Hey, everybody! This is the third edition of the STEVE NASH Power Rankings. The object of these Power Rankings is rather simple -- STEVE NASH is my statistical model for making team projections the season, and STEVE gave us some results about teams' SRS projections before the season. So -- during the season -- we've been updating these SRS predictions to reflect the week's results. Our new results are a rather simple re-weighting of STEVE's projections and the actual results of the season. These new results are then run through a Gibbs sampler to predict playoff probabilities, projected records, and other various stats. I apply the mean-regressed HCA estimates from Evan of The City to these new projections to calculate predicted home wins and road wins remaining in the season and add them to the team's current record. Keep in mind (once again) these are completely and utterly automated -- there's no human input on these rankings, at all. So don't lynch me, Wizards fans. Without further ado, here are the rankings as of the close of all games played on January 10th.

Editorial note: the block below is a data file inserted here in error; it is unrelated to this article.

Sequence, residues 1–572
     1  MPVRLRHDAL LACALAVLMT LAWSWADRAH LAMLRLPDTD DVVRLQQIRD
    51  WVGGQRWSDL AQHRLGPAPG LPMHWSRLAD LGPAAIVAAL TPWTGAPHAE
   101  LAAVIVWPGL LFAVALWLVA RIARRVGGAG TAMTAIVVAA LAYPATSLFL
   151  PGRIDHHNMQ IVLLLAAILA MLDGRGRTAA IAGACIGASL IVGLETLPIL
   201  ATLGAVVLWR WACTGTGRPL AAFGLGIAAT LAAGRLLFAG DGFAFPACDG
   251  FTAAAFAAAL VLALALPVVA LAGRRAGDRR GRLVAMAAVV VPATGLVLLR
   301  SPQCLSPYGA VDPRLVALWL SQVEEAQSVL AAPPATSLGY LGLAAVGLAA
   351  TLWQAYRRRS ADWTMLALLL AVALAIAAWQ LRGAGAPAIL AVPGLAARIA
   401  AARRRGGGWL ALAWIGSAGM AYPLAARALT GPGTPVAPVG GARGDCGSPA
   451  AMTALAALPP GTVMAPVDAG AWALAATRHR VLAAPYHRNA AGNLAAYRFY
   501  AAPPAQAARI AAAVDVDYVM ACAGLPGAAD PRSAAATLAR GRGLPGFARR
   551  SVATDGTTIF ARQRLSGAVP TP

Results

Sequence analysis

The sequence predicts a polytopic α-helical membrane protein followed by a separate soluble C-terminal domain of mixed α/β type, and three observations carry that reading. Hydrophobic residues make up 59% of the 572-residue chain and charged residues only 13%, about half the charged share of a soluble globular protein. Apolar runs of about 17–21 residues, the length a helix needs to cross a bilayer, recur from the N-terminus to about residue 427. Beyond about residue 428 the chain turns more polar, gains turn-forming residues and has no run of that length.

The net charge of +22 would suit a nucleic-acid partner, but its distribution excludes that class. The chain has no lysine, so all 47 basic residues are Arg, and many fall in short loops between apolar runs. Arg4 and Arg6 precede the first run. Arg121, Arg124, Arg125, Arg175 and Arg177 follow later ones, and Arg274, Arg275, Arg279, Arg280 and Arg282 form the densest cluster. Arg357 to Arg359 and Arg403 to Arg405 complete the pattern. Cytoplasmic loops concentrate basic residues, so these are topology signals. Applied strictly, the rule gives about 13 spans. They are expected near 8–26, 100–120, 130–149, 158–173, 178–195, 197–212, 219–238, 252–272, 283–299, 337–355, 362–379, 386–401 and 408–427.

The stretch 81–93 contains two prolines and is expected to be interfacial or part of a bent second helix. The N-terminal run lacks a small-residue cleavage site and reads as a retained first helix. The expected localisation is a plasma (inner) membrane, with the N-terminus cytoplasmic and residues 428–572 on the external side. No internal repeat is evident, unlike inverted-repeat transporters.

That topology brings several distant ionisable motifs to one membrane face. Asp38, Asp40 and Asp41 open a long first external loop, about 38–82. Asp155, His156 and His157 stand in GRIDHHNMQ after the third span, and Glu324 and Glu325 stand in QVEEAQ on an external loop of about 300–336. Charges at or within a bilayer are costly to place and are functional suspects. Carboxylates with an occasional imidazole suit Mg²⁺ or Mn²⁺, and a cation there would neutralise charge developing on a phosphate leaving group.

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Courtesy of (again) Evan, I now know how to embed spreadsheets. This week's spreadsheet:
A few observations, as I continue to create a proper format for these ranking posts.
THREE UP, THREE DOWN
- UP: IND, DAL, UTA. Two weeks in a row for Utah, who ranks as one of the more interesting teams in the league right now for me. They have a relative dearth of quality wins, but they DO have one of the more impressive blowouts of the week with their scorched earth obliteration last night of the Los Angeles Clippers. Paul Millsap is playing all-star ball, and they're on the edge of a top-10 ranking on the defensive end. I didn't really believe STEVE NASH when it predicted Utah would be a fringe playoff team, but that's exactly what they look like right now, their 9-4 schedule notwithstanding. As for these other two? Indiana finally is starting to play up to their record, and though the model has been hesitant to declare what we've seen as gospel, it's finally starting to see them as a mid-tier playoff team that'll challenge for a top-4 seed. Mostly on the back of Hibbert. And finally? STEVE NASH apologizes to Mavs fans -- two thirty-ish point blowouts will make any model think better of your team, and the Mavs have finally eclipsed the 0.500 mark (handily, in fact) and are looking like a decent bet to make the playoffs, now. And they even have a shot at a division title!!!